The National Biodiversity Authority (NBA) is set to tell the National Green Tribunal that it created 243,499 biodiversity management committees (BMC) and 95,525 people’s biodiversity registers (PBR) as of January 2020, a source said. The green bench is hearing a case on the full implementation of the Biodiversity Act, 2002. BMCs are created for “promoting conservation, sustainable use and documentation of biological diversity” by local bodies across the country, according to the NBA. […]

The new system [people’s biodiversity registers (PBR) with ‘comprehensive information on availability and knowledge of local biological resources’] will also protect intellectual property rights over traditional knowledge; information will not be shared without consent.

Source: “Most biodiversity panels now in place, National Biodiversity Authority to tell NGT” by Ishan Kukreti (Down to Earth, 18 February 2020)
Date visited: 3 March 2021

Dr. Rashneh Pardiwala © Alexis Agliano Sanborn/Asia Society >>
Biodiversity fostered by tribal communities >>

Historically, India’s environmental movement has revolved around wildlife conservation — tigers, leopards, elephants — yet there was little inclusion of sustainability in our models of development. […]

Our task is to retain urban biodiversity and augment it. One of our projects started off as growing native indigenous trees in Mumbai, working with private landowners and corporations. […]

We’ll teach about edible landscaping, butterfly gardens, sensory gardens, vertical landscapes, and urban bee keeping. We’ll need these concepts as the population rises and the land area shrinks. […]

By and large, the middle class and the educated are changing and becoming an important voice. They are the voice demanding change and action from the government.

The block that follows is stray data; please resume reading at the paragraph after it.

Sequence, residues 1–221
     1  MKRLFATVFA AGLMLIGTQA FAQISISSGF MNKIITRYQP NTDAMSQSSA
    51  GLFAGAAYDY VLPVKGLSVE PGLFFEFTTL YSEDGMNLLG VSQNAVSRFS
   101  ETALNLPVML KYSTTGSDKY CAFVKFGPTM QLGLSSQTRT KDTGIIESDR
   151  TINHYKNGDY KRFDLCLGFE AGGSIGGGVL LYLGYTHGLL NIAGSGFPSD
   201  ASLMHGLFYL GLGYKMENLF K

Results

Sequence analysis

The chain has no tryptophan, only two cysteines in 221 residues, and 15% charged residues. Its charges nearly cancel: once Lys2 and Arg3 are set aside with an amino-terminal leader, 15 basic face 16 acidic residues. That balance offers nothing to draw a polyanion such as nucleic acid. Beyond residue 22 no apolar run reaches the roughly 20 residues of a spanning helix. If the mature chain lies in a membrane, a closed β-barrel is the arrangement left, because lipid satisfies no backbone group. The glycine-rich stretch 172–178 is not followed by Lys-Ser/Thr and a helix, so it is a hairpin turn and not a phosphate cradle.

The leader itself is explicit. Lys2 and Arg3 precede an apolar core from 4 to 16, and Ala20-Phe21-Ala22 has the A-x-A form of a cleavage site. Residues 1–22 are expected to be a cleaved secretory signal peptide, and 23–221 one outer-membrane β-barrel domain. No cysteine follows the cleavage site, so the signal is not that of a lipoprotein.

Source: Rashneh Pardiwala in “Why It’s Hard to ‘Change Mindsets’ on Environmental Protection Among India’s Elites”; interview with Asia Blog on environmental education at the Centre for Environmental Research and Education (CERE Mumbai, founded in 2003)
Date visited: 3 March 2021

In 1997, MSSRF established its first Community Agro-biodiversity Centre in Wayanad district of Kerala to work on ‘community biodiversity management’ by promoting a coalition of the concerned, notably, government departments and voluntary organizations for the conservation of the genetic wealth of Wayanad and surrounding region. | Learn more >>

Read a report in the Hindustani Times (22 November 2018): “Tribesmen bag plant genome saviour award” (for conserving cereals, millets, spices, tubers, vegetables)

Medicinal Plants Used by Traditional Healthcare Practitioners of Dominant Tribes of Koraput in Odisha

The paper documents the medicinal plants growing naturally in the forests used in traditional healthcare system by major tribal communities inhabiting four southern districts of Odisha, India. In the tribal villages, traditional healthcare practitioners (THPs) are responsible for collection, processing, and administration of herbal medicines acquired through inherited knowledge. We recorded 294 medicinal plants, out of which 34 plants are commonly used by nine dominant tribes though the mode of preparation, plant parts used, and the treating ailments vary within the tribes. Malaria, diarrhea, and skin infections are the most commonly occurring diseases treated with a variety of herbal medicines and the tribes depend strongly on the THPs. Although several medicinal plants utilized in primary healthcare have been recognized, their conservation, sustainable use, and benefit sharing is lacking. A garden of medicinal plants was established to protect the traditional knowledge of tribal communities for Access and Benefit Sharing (ABS) under the Biodiversity Act (BD Act), 2002, empowering with modern and mass cultivation methods and market linkage for economic benefi ts and as a part of conservation measures of these depleting resources. – Publication date: 2013